This week’s Sidewise Thinking post is hardcore project management, for those of you who are interested in that sort of thing. The chart and approach to qualitative risk analysis comes from my recent AMACOM self-study sourcebook, Project Risk and Cost Analysis, but the words are original to this blog piece.
Qualitative risk analysis as expressed in the PMBOK® Guide has always given me a headache. The definition is confusing and badly written. That’s not just my opinion, it’s the common experience of lots of people taking project management seminars. (Certainly it's true of my seminars, but I’ve seen many other trainers struggle with this as well.) The problem isn’t with the individual tools. They are easy enough to understand and apply, and the utility is reasonably obvious. But when you look at the similarities and difference between qualitative and quantitative risk analysis using the official PMBOK® (11.3, 11.4) definitions, some problems arise.
· Qualitative risk analysis is the process of prioritizing risks for further analysis by assessing and combining their probability of occurrence and impact.
· Quantitative risk analysis is the process of numerically analyzing the effect of identified risks on overall project objectives.
When people first encounter this, the response is a great big "Huh?" I don't really blame them. Here's why.
To see the problem in PMBOK, start with the most obvious difference between the two types: quantitative risk analysis uses numbers and qualitative risk analysis uses "prioritization." In practice, these amount to the very same thing.
How do you value a risk? According to the book, you multiply its probability of occurrence by the impact should it occur, expressed by the formula R = P x I. For example, a ten percent risk of losing a thousand dollars turns into 0.1 x $1,000, or $100. If the cost of dealing with that risk is less than $100, it’s clearly a good investment. (It’s always worth noting that the reverse isn’t necessarily true. Spending more than $100 may well be a good idea, but you may have to prove it.) That's the quantitative way.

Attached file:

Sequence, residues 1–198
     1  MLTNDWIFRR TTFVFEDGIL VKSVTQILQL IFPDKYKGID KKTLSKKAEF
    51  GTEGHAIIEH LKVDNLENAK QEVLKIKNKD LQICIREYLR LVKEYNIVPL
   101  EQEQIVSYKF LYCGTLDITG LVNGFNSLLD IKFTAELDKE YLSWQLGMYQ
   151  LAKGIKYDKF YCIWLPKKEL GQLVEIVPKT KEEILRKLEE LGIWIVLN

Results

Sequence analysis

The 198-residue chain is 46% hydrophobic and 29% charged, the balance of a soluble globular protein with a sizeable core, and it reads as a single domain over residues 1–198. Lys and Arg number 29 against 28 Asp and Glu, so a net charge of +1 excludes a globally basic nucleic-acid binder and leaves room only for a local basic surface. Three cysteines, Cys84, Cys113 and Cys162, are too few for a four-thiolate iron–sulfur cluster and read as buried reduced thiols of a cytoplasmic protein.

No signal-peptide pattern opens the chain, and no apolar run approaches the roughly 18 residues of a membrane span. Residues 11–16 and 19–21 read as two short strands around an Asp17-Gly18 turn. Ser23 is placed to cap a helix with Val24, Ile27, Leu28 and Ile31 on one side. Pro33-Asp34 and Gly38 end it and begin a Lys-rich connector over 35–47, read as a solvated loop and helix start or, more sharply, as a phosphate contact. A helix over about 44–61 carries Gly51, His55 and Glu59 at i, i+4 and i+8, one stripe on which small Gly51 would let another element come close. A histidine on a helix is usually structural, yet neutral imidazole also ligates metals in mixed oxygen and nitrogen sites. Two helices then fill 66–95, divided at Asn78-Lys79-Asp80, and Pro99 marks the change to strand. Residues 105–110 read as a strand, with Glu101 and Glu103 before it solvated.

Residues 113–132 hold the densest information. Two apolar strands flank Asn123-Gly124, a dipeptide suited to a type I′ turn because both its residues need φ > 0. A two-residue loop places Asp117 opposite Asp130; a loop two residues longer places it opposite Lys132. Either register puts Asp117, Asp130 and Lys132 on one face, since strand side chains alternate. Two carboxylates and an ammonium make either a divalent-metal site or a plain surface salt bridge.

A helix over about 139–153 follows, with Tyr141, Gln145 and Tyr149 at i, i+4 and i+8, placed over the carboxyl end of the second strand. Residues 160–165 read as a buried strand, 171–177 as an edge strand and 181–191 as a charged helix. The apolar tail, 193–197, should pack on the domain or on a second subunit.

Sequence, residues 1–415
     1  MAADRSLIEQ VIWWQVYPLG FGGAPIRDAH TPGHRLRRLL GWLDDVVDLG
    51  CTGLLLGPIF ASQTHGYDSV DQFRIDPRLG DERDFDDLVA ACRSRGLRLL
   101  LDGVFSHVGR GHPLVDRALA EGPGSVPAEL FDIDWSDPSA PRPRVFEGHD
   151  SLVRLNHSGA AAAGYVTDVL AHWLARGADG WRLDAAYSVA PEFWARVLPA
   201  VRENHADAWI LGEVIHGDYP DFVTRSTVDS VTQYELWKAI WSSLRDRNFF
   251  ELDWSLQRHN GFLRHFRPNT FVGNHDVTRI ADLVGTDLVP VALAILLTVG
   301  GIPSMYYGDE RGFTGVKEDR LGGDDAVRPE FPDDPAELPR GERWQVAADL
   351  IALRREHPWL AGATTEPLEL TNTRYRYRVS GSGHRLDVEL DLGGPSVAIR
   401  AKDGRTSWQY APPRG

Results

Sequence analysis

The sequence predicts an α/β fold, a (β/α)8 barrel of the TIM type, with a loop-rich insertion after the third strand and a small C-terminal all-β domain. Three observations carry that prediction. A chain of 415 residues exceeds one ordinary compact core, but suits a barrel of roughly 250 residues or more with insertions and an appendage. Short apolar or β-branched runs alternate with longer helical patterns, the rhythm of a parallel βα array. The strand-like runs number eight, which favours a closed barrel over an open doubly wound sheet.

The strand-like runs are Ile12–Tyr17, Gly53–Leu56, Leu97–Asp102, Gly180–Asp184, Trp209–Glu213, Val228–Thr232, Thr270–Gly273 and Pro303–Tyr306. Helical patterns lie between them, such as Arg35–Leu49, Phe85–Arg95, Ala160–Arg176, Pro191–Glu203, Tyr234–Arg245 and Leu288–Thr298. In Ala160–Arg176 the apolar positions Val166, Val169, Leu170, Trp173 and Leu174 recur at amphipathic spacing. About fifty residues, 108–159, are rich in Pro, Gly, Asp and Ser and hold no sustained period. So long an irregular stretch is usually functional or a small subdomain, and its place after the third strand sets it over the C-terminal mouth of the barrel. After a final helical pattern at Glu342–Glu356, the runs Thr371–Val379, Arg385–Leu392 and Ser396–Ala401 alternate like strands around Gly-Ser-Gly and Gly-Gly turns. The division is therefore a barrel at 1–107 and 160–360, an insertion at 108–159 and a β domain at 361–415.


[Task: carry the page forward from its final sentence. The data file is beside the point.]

In the qualitative approach, according to PMBOK, you might say the probability is LOW and the impact is, say, MEDIUM (depends on the size of the project). You look on a grid to see where the terms intersect (usually LOW). But that's the same thing as saying LOW x MEDIUM = LOW, or P x I again.
In other words, the “numerical analysis of effect” and “combined probability and impact” are, for all practical purposes, synonyms — the very definition of risk says so. That creates a lot of blurring between the two processes, especially in terms of their utility. No matter which technique you use, you end up with a priority ranking of your project’s risks. (You also get analytical data about those risks.) Then you move on to risk response planning.
Prioritizing risks gives you only a two-dimensional sort: higher or lower. That’s quantitative risk analysis — whether you use actual dollars and percents, or whether you use a scale of high, medium, and low. You rank the risks into a numerical hierarchy. And that's it.
Prioritizing risks isn't nearly all you need to be doing. In this post, I want to give you a new way to think the two kinds of risk analysis.
You need to organize your list of identified risks in three dimensions, based on the initial choices you must make. Some risks require more rapid response than others, severity notwithstanding. Some risks affect the project but aren’t yours: they may belong to the customer, your boss, or other departments in the organization. If you’re running an IT project and you identify legal risks, you probably should route those risks to the general counsel rather than deal with them yourself. Some risks have solutions — and others have no solution at all.
Using the accompanying chart, let’s look at those choices.
IMPACT: The first gateway is to examine a risk’s impact. Forget probability: if the impact is low enough, you’re done with the risk. If the cost of the risk if $50 and the project is $5 billion, it’s irrelevant whether it happens or not. Granted, first impressions can be deceiving and the impact of a given risk can change over the lifespan of the project, so you don’t want to throw this list away.